Publication Date: 2012
Converging Movements by Naomi M. JacksonThe Y located at 92nd Street and Lexington Avenue in New York City is the largest and oldest continuously operating YM-YWHA in the US. Many of the most important figures in modern dance premiered on its stage, but until now no one has thought to ask why this should have been so. As Naomi Jackson shows in Converging Movements, the Y's particular conception of Jewishness laid the groundwork for the establishment of a center for dance in the 1930s.William Kolodney, who served as the Y's education director from 1934 until 1969, expanded its educational and arts programming to include a great deal of nonsectarian material, and as Jackson shows, modern dance epitomized Kolodney's humanistic ideals regarding the uplifting role of the arts.Together with his dance advisors, most notably Doris Humphrey, John Martin, and Louis Horst, Kolodney oversaw a program characterized by a broad mix of Jewish and non-Jewish performers from Alvin Ailey, Katherine Dunham, and Ruth St. Denis to Anna Sokolow, JoséLimón, Erick Hawkins, Hanya Holm, Pearl Primus, and national and folk companies from Israel, the Philippines, Russia, Mexico, and elsewhere. Drawing on the Y's extensive archives and illustrated with rare photographs, Jackson's book locates modern dance at the heart of the Jewish encounter with America.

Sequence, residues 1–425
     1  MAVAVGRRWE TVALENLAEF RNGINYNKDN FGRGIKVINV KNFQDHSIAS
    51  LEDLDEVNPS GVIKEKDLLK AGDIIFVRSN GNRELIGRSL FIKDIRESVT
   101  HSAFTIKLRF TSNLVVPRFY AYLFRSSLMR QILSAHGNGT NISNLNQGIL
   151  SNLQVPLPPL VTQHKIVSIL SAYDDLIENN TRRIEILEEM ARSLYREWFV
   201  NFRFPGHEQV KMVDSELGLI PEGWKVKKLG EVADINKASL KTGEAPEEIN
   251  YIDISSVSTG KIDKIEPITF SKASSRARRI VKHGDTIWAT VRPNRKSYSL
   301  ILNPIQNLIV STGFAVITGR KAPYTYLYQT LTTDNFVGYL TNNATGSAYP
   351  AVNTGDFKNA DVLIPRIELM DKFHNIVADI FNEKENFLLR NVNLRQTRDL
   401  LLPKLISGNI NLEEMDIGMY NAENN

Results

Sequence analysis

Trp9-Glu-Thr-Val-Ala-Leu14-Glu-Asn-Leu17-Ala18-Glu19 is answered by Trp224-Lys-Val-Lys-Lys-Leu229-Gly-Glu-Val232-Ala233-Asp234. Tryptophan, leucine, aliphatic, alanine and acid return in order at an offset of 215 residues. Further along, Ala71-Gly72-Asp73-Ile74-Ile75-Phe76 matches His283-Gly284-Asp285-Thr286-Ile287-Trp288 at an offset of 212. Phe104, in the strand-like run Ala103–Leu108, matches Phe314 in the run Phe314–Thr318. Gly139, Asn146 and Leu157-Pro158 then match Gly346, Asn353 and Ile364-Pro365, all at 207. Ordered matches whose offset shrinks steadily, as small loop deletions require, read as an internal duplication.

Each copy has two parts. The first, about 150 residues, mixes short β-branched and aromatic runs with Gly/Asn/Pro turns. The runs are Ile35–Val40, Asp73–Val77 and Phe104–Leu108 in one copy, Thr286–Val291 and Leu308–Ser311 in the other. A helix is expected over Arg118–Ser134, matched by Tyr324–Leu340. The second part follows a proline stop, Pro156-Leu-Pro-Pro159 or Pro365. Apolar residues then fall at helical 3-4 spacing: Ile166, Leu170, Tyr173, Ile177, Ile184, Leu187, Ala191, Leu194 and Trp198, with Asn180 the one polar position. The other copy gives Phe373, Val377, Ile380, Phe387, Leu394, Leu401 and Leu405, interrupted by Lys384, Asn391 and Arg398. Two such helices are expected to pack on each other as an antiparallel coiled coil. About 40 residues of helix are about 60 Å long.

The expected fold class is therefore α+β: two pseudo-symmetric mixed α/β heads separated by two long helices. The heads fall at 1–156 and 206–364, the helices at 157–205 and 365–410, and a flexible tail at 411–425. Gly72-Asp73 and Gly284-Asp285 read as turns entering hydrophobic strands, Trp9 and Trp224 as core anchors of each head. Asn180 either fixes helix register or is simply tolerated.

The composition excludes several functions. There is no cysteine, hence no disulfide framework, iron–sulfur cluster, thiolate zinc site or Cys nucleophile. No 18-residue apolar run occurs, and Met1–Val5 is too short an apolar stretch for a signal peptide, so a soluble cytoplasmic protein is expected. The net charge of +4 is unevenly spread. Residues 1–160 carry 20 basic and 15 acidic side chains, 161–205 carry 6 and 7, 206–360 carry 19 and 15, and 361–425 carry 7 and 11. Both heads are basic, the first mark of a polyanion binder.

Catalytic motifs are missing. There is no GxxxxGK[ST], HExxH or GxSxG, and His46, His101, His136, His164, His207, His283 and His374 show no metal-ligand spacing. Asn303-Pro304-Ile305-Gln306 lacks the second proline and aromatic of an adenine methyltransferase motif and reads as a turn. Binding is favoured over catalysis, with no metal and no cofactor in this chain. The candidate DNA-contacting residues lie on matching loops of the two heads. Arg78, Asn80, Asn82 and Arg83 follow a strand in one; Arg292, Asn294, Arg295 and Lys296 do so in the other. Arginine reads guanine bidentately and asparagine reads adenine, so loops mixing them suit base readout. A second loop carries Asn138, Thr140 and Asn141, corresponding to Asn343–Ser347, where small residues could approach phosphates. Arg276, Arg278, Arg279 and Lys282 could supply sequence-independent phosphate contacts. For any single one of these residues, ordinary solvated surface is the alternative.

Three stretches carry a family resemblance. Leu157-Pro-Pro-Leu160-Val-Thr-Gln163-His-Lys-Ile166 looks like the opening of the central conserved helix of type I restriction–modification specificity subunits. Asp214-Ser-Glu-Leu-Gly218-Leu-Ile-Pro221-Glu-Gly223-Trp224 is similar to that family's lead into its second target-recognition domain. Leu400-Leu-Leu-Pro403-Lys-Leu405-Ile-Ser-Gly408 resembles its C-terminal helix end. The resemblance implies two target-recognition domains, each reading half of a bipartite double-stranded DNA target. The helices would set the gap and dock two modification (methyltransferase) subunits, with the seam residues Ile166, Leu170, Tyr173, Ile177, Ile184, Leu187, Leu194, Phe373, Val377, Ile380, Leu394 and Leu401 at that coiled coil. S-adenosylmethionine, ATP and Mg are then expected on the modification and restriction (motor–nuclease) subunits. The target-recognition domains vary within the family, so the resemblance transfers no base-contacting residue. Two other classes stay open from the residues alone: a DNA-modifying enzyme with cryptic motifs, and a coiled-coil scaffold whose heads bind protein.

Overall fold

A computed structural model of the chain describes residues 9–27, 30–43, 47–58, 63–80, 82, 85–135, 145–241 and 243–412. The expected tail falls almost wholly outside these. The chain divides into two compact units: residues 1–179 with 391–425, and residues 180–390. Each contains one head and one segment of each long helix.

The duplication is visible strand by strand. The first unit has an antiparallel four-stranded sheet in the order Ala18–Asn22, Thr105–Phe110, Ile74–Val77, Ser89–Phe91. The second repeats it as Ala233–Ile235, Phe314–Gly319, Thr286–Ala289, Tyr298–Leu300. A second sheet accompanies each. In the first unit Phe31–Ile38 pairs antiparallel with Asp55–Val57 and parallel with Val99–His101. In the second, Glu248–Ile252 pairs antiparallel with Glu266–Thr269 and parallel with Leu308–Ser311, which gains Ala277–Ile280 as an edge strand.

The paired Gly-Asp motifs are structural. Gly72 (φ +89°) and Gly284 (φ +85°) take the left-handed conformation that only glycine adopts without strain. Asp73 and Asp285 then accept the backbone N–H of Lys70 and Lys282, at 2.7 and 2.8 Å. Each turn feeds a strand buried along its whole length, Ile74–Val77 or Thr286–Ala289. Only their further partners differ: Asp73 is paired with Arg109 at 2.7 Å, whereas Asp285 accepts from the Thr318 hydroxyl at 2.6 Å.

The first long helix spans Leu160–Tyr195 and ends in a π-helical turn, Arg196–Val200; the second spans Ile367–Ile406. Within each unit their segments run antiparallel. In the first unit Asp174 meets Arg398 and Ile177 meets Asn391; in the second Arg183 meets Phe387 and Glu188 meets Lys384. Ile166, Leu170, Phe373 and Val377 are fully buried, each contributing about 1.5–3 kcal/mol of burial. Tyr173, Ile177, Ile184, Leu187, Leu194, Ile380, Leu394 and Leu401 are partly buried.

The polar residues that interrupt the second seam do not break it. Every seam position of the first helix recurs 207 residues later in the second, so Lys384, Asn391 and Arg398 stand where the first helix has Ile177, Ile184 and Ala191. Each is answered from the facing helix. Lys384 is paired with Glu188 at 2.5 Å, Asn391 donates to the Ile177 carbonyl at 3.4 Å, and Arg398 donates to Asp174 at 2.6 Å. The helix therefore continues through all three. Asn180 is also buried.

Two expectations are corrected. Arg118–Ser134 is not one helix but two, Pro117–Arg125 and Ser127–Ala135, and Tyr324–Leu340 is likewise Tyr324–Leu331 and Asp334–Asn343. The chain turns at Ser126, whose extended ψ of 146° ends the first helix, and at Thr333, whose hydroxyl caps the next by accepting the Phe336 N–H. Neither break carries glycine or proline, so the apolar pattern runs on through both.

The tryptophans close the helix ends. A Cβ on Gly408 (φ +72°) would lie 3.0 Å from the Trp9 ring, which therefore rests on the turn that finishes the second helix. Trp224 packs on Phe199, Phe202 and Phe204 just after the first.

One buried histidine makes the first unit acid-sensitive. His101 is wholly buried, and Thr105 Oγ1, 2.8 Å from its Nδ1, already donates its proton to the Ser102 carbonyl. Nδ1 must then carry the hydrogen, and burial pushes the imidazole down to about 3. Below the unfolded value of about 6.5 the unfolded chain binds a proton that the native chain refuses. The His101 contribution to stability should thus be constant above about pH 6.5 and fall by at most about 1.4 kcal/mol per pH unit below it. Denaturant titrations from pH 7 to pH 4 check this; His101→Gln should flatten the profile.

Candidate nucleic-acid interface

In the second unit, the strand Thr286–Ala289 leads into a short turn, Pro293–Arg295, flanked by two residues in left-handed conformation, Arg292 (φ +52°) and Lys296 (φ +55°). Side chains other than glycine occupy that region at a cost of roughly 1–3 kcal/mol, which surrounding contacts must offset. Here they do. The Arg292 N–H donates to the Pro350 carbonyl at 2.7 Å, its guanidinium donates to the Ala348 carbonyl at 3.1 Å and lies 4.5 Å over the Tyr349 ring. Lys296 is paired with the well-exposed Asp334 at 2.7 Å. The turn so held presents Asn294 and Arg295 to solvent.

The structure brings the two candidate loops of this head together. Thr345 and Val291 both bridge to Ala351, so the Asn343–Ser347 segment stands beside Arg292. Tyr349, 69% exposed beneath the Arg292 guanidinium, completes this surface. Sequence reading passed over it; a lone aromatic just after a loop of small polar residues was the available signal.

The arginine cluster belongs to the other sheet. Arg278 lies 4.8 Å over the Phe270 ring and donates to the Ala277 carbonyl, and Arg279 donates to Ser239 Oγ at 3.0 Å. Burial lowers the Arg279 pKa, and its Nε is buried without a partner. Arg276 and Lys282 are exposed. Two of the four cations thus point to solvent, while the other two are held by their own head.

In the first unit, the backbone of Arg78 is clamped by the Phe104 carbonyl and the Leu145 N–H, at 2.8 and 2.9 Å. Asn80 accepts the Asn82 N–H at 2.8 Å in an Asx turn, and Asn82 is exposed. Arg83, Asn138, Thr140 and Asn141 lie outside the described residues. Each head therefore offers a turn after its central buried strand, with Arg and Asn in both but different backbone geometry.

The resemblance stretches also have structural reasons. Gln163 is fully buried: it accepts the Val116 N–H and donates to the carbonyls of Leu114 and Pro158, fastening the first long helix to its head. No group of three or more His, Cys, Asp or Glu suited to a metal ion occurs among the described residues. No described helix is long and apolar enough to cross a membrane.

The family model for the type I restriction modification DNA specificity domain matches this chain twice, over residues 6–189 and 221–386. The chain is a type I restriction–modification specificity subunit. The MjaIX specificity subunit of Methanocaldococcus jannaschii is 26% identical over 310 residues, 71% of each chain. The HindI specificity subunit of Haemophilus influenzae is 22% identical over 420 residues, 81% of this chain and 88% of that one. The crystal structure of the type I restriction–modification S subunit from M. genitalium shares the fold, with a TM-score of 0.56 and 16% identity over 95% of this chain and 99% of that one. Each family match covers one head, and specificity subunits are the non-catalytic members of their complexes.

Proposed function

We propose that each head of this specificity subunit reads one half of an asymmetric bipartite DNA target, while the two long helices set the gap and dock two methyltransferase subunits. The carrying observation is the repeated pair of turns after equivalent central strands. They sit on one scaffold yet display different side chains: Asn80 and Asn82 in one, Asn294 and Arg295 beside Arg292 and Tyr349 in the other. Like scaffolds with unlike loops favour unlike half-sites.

Call Number: GV1624.7 .J48 J33 2002 (RV)
Publication Date: 2000-12-01
Arthur Schwartz's Jewish Home Cooking by Arthur Schwartz; Ben Fink (Photographer)Yiddish Recipes Revisited Arthur Schwartz knows how Jewish food warms the heart and delights the soul, whether it's talking about it, shopping for it, cooking it, or, above all, eating it. JEWISH HOME COOKING presents authentic yet contemporary versions of traditional Ashkenazi foods-rugulach, matzoh brei, challah, brisket, and even challenging classics like kreplach (dumplings) and gefilte fish-that are approachable to make and revelatory to eat. Chapters on appetizers, soups, dairy (meatless) and meat entrees, Passover meals, breads, and desserts are filled with lore about individual dishes and the people who nurtured them in America. Light-filled food and location photographs of delis, butcher shops, and specialty grocery stores paint a vibrant picture of America's touchstone Jewish food culture. Stories, culinary history, and nearly 100 recipes for Jewish home cooking from the heart of American Jewish culture, New York City. Written by one of the country's foremost experts on traditional and contemporary Jewish food, cooking, and culinary culture. Schwartz won the 2005 IACP Cookbook of the Year.Reviews & AwardsJames Beard Foundation Cookbook Award Finalist- American CategoryIACP International Association of Culinary Professionals Cookbook Awards, American Category Finalist "Jewish Home Cooking helps make sense of the beautiful chaos, with a deep and affectionate examination of New York's Jewish food culture, refracted through the Ins of what he calls the Yiddish-American experience."-New York Times Book Review Summer Reading issue, cookbook roundup"Schwartz breathes life into Yiddish cooking traditions now missing from most cities' main streets as well as many Jewish tables. His colorful stories are so distinctive and charming that even someone who has never heard Schwartz's radio show or seen him on TV will feel his warm personaality and love for food radiating from the page . . . Cooks and readers from Schwartz's generation and earlier, who know firsthand what he's talking about, will appreciate this delightful new book for the world it evokes as much as for the recipes."-Publishers Weekly